(c) Prior to the political developments in 2019, individuals who were at risk on return (whether at the airport or in Greater Khartoum) were those who were perceived by the Sudanese authorities to be a sufficiently serious threat to the Sudanese Government to warrant targeting. 

(d) The assessment of that risk required an evaluation of what was likely to be known to the authorities and a holistic assessment of the individual’s circumstances including any previous political activity in Sudan or abroad and any past history of detention in Sudan. Factors include whether the individual was a student, a political activist or a journalist; their ethnicity; their religion (in particular Christianity); and whether they came from a former conflict area (such as the Nuba Mountains).

(e) Whilst the question of perception of political opposition underlying (c) above remains the same since the 2019 political developments, when assessing any risk to an individual now, the effects of the 2019 political developments are relevant and are likely to affect the Sudanese authorities’ view of, and attitude towards, those who might be perceived as political opponents. Further, the 2019 political developments are likely to have greatly reduced the interest of the Sudanese government in supressing political opposition by violent or military action.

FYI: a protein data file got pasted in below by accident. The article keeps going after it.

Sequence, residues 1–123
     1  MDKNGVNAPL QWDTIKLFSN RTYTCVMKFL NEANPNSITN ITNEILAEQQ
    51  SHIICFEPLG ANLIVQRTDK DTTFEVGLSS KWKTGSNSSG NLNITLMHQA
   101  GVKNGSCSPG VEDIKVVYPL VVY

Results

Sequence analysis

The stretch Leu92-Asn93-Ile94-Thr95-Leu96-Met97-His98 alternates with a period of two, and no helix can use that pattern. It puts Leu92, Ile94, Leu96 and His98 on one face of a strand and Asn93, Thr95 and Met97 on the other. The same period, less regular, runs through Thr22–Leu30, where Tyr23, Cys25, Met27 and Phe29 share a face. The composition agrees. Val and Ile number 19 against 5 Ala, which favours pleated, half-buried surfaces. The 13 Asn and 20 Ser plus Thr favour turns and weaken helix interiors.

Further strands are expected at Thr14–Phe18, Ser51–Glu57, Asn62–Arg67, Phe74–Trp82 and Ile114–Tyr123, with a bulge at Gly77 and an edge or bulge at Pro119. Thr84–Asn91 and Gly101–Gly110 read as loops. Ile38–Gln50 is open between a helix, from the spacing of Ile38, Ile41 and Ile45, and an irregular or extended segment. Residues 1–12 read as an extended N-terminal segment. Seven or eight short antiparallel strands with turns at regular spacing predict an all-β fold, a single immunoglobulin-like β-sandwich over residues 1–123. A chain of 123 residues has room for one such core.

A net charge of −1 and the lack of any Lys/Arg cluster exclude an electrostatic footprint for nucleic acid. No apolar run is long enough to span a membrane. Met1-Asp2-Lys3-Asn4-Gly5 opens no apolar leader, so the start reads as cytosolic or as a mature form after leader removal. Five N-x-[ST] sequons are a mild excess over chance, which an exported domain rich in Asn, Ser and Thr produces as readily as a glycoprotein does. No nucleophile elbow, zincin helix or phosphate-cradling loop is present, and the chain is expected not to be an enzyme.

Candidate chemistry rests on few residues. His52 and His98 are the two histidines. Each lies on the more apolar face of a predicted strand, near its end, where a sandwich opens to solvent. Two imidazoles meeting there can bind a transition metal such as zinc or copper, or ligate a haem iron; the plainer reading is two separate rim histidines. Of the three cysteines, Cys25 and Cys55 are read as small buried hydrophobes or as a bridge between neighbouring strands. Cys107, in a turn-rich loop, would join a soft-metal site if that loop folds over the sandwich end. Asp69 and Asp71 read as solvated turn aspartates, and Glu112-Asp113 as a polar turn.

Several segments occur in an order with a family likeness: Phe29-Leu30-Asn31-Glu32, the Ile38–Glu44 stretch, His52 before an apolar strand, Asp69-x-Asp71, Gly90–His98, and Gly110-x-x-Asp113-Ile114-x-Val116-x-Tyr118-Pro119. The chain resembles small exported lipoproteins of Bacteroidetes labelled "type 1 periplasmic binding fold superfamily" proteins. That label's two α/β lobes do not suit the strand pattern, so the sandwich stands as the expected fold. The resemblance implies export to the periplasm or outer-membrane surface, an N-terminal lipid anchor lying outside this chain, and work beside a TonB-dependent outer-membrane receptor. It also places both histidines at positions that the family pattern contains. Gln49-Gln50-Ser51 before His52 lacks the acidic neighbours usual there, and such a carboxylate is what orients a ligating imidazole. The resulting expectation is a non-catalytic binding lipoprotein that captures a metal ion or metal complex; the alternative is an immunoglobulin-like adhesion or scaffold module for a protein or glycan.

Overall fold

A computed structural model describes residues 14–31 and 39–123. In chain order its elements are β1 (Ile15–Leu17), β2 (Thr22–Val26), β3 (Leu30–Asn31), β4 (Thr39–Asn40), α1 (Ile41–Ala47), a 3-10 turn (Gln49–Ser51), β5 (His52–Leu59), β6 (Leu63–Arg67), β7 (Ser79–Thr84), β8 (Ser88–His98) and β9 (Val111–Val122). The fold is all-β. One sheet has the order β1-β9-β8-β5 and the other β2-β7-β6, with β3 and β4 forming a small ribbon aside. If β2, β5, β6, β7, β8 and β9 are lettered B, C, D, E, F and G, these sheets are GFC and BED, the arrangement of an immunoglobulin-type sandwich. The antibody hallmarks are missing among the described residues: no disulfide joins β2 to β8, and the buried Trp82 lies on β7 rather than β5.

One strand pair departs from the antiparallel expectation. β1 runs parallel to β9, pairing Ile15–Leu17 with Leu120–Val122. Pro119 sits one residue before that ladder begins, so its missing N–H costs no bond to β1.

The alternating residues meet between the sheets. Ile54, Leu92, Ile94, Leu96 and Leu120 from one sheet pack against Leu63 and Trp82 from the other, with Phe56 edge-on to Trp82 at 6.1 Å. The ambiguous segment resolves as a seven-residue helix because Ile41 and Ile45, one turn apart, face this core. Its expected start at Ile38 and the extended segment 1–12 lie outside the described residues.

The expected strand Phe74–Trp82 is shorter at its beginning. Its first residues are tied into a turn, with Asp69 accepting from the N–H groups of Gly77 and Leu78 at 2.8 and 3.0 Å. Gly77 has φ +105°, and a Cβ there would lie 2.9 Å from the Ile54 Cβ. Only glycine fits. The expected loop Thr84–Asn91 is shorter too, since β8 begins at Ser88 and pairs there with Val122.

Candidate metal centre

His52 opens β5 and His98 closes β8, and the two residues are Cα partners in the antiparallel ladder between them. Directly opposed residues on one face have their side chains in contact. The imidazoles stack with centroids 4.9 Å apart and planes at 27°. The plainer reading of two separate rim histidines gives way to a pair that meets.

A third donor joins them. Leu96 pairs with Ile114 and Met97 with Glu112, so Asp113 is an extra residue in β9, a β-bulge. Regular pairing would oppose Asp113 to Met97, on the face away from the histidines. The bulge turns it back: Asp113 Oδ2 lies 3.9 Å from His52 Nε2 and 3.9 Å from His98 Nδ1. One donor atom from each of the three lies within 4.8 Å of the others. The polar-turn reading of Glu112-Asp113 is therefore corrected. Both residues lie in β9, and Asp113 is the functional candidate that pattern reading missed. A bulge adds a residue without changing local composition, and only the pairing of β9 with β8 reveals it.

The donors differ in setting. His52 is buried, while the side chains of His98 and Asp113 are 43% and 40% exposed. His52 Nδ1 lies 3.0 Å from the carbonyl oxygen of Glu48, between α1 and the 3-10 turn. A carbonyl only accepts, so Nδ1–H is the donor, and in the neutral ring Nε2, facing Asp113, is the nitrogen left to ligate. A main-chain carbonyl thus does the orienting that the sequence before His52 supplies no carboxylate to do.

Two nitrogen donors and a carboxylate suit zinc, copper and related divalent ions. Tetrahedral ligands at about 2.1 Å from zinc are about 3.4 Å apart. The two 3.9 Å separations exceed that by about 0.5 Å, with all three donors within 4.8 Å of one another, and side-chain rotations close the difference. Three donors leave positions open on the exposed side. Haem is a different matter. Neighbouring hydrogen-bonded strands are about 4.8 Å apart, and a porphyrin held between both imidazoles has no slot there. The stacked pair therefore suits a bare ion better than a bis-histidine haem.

(f) Internal relocation to Greater Khartoum for a person of Nuba ethnicity must depend upon an assessment of all the individual’s circumstances including their living conditions, their ability to access education, healthcare and employment. Despite the impoverished conditions and discrimination faced by Nuba when living in the so-called ‘Black Belt’ area of Greater Khartoum, relocating there will not generally be unduly harsh or unreasonable.

Alex is a pupil barrister at Garden Court Chambers and teaches Public Law at the London School of Economics.